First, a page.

Why you shouldn't mess with carbonara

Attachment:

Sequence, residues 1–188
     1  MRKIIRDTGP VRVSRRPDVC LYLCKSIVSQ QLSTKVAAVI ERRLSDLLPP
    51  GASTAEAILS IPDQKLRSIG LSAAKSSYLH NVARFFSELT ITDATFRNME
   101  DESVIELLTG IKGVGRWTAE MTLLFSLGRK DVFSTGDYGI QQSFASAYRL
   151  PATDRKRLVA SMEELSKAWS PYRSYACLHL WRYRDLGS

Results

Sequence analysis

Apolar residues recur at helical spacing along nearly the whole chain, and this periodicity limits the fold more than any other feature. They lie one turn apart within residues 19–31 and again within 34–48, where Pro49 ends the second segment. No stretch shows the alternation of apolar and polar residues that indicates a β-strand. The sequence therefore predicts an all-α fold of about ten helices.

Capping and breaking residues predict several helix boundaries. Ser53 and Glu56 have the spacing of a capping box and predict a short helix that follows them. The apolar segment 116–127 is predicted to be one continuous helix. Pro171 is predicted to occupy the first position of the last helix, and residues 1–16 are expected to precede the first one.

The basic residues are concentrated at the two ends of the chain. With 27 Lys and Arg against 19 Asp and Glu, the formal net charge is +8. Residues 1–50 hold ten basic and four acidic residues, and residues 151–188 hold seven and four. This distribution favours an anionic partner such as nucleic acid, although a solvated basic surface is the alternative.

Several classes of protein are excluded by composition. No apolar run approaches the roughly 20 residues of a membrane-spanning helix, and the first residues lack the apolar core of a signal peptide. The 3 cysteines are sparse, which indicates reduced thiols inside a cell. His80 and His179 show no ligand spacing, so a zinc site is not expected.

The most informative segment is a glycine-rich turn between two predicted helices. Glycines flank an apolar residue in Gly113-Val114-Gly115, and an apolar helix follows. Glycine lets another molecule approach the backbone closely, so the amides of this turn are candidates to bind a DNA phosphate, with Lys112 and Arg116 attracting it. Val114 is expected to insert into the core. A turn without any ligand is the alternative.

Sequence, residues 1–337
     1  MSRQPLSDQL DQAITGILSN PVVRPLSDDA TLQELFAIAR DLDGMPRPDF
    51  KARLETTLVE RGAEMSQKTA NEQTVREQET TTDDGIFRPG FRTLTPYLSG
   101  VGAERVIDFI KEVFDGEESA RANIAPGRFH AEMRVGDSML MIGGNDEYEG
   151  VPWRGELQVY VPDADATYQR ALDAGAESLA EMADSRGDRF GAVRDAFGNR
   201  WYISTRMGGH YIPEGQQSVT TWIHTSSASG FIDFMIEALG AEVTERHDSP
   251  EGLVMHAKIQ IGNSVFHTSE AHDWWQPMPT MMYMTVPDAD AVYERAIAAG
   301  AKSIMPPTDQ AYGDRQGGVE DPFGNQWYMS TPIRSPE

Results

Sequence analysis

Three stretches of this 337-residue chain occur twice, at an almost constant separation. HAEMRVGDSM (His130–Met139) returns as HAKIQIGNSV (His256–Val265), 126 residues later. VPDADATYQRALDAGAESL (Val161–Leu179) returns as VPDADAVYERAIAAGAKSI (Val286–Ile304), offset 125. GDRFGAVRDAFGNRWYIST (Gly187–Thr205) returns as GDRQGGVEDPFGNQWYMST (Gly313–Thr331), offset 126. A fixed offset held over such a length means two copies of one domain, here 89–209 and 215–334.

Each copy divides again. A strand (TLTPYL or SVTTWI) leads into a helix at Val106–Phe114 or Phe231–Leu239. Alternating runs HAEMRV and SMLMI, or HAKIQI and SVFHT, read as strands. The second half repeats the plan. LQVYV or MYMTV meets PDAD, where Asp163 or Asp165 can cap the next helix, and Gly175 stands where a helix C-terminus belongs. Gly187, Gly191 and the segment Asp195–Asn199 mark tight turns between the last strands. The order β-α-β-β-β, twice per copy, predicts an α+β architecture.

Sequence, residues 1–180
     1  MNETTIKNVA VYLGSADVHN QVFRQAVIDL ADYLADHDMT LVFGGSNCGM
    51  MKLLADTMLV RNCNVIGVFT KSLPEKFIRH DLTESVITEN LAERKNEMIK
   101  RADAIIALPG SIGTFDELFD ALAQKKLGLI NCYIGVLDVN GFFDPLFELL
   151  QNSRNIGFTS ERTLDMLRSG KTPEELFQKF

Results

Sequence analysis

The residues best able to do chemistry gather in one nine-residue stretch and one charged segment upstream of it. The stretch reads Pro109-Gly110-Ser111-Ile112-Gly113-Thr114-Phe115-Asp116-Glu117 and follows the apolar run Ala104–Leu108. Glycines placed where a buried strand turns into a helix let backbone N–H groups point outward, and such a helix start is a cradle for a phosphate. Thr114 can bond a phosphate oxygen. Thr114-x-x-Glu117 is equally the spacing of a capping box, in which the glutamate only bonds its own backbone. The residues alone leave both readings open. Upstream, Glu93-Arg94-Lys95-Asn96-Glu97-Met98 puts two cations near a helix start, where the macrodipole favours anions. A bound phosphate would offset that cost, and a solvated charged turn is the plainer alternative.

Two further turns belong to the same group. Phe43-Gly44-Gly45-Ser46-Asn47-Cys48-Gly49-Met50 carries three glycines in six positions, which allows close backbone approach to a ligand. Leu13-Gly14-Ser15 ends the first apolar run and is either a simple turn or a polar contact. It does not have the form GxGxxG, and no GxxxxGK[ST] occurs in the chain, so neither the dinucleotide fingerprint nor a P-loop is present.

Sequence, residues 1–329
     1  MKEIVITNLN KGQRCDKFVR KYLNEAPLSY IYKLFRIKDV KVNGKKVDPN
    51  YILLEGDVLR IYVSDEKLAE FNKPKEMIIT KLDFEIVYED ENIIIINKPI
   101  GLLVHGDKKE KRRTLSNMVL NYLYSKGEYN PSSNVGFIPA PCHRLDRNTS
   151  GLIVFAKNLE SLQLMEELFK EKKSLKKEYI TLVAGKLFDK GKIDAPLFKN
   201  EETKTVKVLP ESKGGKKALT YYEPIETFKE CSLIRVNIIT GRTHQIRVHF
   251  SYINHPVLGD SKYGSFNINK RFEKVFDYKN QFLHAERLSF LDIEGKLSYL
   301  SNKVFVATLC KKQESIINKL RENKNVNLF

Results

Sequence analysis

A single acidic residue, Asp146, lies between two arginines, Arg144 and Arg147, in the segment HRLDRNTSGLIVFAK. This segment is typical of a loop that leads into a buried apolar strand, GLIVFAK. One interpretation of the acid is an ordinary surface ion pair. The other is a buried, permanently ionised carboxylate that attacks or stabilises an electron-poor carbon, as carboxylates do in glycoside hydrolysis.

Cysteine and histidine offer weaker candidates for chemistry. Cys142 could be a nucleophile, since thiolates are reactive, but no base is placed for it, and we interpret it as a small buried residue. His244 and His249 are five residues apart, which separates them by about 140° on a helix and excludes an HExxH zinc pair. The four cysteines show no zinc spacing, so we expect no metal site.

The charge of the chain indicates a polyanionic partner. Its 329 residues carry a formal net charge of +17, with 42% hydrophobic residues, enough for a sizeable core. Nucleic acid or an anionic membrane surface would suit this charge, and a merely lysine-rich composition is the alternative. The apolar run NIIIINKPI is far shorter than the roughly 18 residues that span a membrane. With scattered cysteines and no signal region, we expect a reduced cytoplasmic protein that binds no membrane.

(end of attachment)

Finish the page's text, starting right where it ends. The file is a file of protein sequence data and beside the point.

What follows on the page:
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Marco Werman: Let’s talk pasta now, with food historian Maureen Fant. She splits her time between New York and Rome, and it was in the Italian capital as a college student that she first ate a plate of spaghetti alla carbonara. I mean authentic carbonara, made with just pork, egg and cheese. By the time Fant came back to the US, she’d fallen in love with the dish. For our latest segment on global chefs and tastemakers, in New York, Maureen Fant tells us what happened next. Maureen Fant: The first time I think I cooked spaghetti alla carbonara on my own was in this very apartment, in 1968. And nobody I knew in New York had ever heard of it. It’s hard to believe there was a time when Americans had never heard of carbonara, but I assure you, in 1968, all sauces were red. And in fact, the guest of that evening later told me that he had been embarrassed for me because he thought I had forgotten the spaghetti sauce. Things have changed dramatically. First of all, everybody now thinks they own carbonara. People feel free to vary it as they please. They say, oh, my carbonara contains peas. Well, I’m telling you that your carbonara does not—Nobody’s carbonara contains peas. Carbonara is a wonderful basis for creativity and other things, but you stop calling it carbonara at the moment when you add something other than pork, egg and cheese. That’s carbonara. [music] Fant: There is a theory that carbonara was introduced by US soldiers after World War II, who had dried eggs and bacon among their rations. This is, of course, nonsense. The actual origin is in the mountains, in the Apennines, in the mountains of central Italy. Northern Lazio, Abruzzo, Marche, that area, where shepherds and charcoal workers – “Carbonara” comes from the word for charcoal, “carbone” – These people who had to be out, away from home and preparing their own meals had to have food that they could cook easily. Carry a hunk of pork and a piece of cheese, they could grab an egg from a passing hen and make their carbonara, presumably if they were able to boil water. [music] Fant: There is something about these really, really traditional dishes that is worth remembering. I don’t want to compare spaghetti alla carbonara to the Colosseum. It seems silly. But this kind of food, for me, represents social history. It’s the history of a people. And when it all gets mixed up, we forget who these people are, and who they were, and how they started, and all the hard work they did. And so, I think that’s worth hanging on to. [music] Werman: Maureen Fant is a food historian, and the co-author of Sauces and Shapes: Pasta the Italian Way. She divides her time between Rome and New York, where she told her story to The World’s Alex Gallafent. You can find a recipe for authentic spaghetti alla carbonara at PRI.org.